— Jessica Gutierrez Alm, Attorney
The trademark filings for new political slogans and catchphrases continue.
Over the last couple of months, Donald Trump has repeatedly accused various news sources of disseminating “fake news.” As a result, 14 trademark applications have recently been filed for variations of FAKE NEWS.
The goods and services associated with these applications cover a wide range. Film Roman, best known for animating The Simpsons, filed an application for FAKE NEWS in connection with entertainment programs featuring comedy. There are multiple filings for board games and card games, at least one of which is apparently connected with the makers of Cards Against Humanity. Other applications relate to clothing, computer games, online retail, silkscreen printing, photo sharing services, and even wine.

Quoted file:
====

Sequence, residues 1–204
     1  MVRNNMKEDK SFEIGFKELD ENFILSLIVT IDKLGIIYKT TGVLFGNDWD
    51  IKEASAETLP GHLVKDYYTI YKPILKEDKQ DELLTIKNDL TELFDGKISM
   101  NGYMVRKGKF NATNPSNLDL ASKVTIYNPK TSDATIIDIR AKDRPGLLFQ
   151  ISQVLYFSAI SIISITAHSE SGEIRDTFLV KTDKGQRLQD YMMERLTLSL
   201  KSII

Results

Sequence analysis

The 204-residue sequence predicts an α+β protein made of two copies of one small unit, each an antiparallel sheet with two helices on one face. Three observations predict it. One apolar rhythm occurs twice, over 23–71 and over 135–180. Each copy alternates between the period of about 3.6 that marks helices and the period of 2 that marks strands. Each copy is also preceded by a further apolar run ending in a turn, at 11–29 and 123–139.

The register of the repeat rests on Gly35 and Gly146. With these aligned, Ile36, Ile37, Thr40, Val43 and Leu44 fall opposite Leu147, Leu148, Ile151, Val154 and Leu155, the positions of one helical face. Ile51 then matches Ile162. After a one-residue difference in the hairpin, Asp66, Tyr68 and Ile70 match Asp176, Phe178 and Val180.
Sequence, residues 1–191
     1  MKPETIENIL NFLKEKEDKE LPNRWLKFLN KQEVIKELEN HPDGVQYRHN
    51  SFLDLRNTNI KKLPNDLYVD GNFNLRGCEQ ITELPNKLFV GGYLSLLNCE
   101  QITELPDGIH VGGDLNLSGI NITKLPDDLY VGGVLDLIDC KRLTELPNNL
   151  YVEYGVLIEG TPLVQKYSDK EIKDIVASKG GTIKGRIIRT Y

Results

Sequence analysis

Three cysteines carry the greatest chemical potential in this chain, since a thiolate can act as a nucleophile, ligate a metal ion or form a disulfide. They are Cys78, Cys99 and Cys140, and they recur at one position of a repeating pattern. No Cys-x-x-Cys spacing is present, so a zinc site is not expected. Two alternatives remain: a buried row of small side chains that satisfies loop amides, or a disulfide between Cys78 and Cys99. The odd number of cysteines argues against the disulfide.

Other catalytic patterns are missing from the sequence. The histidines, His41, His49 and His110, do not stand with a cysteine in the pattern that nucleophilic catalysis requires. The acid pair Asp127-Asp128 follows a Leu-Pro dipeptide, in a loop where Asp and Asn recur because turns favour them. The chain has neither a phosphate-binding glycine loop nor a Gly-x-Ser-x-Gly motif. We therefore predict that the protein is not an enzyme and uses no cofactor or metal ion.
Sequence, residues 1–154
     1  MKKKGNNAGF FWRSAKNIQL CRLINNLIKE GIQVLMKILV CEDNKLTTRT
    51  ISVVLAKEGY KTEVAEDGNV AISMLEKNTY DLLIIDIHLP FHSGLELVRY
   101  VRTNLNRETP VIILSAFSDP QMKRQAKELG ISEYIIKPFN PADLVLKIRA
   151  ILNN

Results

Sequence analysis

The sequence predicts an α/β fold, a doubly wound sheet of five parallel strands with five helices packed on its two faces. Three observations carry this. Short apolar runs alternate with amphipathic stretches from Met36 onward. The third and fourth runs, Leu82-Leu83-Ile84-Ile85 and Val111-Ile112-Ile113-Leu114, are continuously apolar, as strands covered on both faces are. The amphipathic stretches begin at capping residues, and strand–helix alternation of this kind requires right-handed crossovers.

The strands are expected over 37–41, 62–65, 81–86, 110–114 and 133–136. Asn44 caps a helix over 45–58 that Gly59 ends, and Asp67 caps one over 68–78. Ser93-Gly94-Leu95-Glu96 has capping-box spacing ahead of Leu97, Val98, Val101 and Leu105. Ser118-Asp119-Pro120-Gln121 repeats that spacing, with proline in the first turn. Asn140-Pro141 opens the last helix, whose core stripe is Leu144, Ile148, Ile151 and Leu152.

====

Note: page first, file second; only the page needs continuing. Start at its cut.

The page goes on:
In a similar vein, ALTERNATIVE FACTS has 24 recent trademark filings.
While I don’t dispute that a Cards Against Humanity-style FAKE NEWS game would be great, these types of trademark filings bring up an important issue of timing.
The trademark application process can, and often does, last a year or more. While these FAKE NEWS applicants may ultimately obtain their marks, the social relevance of the slogan may be lost by then. Will these potential marks have the same value in a year? Surely our quotable President will have gifted us with dozens of new phases in a year’s time. Even “Nasty Woman” and “Bad Hombre” aren’t as prevalent as they were a few months ago, and those phrases spurred a combined 27 trademark applications.
What do you think? Are these potential trademarks worth their weight in filing fees? What do some of our marketing-type readers think of these phrase-of-the-moment trademark applications? Would you risk building a brand on these?